Shakespeare talks with regards to present times (16th century for him) comes under scrutiny when he considers whether current generation of inventors have “mended” (Shakespeare 1609) or improved their ways with respect to the former generations. This diction should be read in light of the fact that sonnet 59 was part of a sequence called Fair Youth where Shakespeare is declaring his love for a young man. By inquiring whether men of today have “mended” their ways, Shakespeare may be attempting to contemplate whether this forbidden love is actually a sign of improvement or just a duplication of the flaws that preexisted in men.
Harking back to the antique book and 500 courses of the sun, referencing to times 500 years ago, and old world, he makes considerable effort to justify his claims with regards to his inclinations, suggesting that since new inventions were not entirely new themselves, it is very likely that his love for this man may not be a new feeling either, and hence be justified on those grounds.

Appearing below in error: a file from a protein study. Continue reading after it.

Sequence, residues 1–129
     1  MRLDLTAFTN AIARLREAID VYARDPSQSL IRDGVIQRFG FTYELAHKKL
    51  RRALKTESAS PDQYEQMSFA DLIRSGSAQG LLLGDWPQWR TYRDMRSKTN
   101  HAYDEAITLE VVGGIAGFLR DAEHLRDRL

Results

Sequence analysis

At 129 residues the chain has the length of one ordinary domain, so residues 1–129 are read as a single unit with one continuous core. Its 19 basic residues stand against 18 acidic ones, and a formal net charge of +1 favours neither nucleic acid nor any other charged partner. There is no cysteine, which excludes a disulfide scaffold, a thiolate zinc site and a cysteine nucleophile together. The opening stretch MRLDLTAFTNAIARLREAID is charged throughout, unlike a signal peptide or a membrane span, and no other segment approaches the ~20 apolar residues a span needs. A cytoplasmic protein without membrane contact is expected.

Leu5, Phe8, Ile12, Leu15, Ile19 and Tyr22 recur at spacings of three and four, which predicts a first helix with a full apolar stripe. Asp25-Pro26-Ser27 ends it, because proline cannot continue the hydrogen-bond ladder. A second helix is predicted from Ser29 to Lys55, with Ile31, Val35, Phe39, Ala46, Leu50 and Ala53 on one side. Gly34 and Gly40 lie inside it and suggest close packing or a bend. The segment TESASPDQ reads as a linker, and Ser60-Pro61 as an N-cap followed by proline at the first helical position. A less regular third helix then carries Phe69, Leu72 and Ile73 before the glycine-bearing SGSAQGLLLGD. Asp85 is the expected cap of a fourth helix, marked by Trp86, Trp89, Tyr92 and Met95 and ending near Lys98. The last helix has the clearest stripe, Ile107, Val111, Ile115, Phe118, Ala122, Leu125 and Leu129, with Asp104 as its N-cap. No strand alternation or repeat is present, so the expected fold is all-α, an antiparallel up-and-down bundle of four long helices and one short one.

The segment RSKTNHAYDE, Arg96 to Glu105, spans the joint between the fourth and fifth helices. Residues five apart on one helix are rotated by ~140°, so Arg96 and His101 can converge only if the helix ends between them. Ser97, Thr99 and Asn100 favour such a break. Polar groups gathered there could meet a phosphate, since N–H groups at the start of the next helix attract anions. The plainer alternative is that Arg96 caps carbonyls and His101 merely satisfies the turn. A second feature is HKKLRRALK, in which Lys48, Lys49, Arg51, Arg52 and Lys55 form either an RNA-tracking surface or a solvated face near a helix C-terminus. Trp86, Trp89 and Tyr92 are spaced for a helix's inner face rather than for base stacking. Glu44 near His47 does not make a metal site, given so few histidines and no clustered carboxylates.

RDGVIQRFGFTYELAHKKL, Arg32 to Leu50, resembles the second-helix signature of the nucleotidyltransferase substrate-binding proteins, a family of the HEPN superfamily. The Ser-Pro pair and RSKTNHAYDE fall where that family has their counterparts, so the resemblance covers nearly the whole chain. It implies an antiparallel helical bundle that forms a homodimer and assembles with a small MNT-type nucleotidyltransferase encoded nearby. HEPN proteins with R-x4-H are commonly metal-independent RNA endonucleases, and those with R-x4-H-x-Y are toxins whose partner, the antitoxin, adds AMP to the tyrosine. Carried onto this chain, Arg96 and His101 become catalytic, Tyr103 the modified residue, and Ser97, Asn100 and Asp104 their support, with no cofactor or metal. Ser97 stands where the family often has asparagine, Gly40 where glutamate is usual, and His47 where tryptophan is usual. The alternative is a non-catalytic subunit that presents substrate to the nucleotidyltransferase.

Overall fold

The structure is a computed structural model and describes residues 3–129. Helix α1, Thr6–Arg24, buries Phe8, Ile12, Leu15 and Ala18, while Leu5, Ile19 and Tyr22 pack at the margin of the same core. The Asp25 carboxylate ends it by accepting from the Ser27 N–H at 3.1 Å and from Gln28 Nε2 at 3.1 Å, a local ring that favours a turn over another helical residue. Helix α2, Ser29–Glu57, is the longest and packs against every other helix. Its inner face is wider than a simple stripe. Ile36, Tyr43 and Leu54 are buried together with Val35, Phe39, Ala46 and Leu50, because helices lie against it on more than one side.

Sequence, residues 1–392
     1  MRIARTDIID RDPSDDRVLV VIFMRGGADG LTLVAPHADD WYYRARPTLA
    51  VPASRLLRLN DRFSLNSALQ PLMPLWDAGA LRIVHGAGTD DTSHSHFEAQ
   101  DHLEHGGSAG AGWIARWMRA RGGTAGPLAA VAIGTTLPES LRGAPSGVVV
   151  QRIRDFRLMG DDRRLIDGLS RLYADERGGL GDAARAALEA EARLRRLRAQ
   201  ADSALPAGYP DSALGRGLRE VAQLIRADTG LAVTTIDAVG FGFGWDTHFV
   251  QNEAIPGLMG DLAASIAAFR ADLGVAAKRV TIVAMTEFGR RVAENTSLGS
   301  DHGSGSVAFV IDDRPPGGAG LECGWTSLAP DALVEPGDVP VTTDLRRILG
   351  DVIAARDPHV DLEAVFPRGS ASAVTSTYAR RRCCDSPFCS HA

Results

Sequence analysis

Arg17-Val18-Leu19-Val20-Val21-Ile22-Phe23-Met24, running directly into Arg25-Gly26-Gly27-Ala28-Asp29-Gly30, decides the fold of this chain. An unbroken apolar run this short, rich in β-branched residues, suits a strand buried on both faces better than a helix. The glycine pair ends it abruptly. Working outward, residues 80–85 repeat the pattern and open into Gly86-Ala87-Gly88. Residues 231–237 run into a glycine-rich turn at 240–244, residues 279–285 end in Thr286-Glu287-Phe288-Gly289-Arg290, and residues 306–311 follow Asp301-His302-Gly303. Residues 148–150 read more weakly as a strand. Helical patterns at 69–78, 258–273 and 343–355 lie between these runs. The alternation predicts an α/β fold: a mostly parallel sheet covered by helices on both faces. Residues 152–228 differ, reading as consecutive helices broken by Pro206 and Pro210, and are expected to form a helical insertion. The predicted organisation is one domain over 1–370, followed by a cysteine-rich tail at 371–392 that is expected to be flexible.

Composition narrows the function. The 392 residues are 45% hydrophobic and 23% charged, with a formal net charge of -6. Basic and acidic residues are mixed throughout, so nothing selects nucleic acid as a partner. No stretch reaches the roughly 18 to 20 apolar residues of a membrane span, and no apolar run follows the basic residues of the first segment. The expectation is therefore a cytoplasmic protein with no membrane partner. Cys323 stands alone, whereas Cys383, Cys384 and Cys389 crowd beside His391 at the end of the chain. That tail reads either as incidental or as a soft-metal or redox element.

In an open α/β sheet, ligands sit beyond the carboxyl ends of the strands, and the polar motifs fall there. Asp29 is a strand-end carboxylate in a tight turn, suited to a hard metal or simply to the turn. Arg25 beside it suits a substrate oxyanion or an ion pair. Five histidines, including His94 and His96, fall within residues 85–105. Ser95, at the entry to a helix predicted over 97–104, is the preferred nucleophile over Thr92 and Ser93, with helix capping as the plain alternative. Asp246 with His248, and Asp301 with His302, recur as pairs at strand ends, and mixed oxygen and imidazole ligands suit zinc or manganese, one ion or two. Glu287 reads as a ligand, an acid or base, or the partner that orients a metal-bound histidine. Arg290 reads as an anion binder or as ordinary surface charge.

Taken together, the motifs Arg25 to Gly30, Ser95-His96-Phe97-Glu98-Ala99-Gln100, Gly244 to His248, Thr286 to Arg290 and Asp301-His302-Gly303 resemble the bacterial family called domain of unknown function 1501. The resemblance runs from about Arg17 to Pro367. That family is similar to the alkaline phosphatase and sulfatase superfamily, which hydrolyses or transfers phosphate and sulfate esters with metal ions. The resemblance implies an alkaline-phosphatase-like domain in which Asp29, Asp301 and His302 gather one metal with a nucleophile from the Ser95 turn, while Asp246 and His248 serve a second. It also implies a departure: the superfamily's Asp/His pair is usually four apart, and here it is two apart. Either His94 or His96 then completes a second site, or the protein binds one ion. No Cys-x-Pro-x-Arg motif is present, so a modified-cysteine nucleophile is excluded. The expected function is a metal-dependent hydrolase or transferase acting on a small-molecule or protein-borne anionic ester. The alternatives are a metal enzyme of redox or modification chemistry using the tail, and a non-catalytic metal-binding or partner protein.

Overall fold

Shakespeare invites the reader to share his frustration, judging himself in light of the stigmas of olden times. Hinting at his sexual inclinations, and taken by the physical beauty of his lover, he asks for “an image in some antique book” or some writing (“mind in character”) which could explain to him what the “old world could say to this composed wonder of your frame.” Analysis of these words in light of our original diction “mended” suggests that Shakespeare wants to seek evidence from history to understand whether what he feels for this man is right or wrong. He wants to compare the two times so he could understand if indeed this new development inside of him is a problem carried over from earlier times. The last phrase seems to justify his love for the man, since people of old have given subjects worse … admiring praise. According to him, his subject ranks higher than the ones people have already praised and is thus more worthy of his love and admiring diction.
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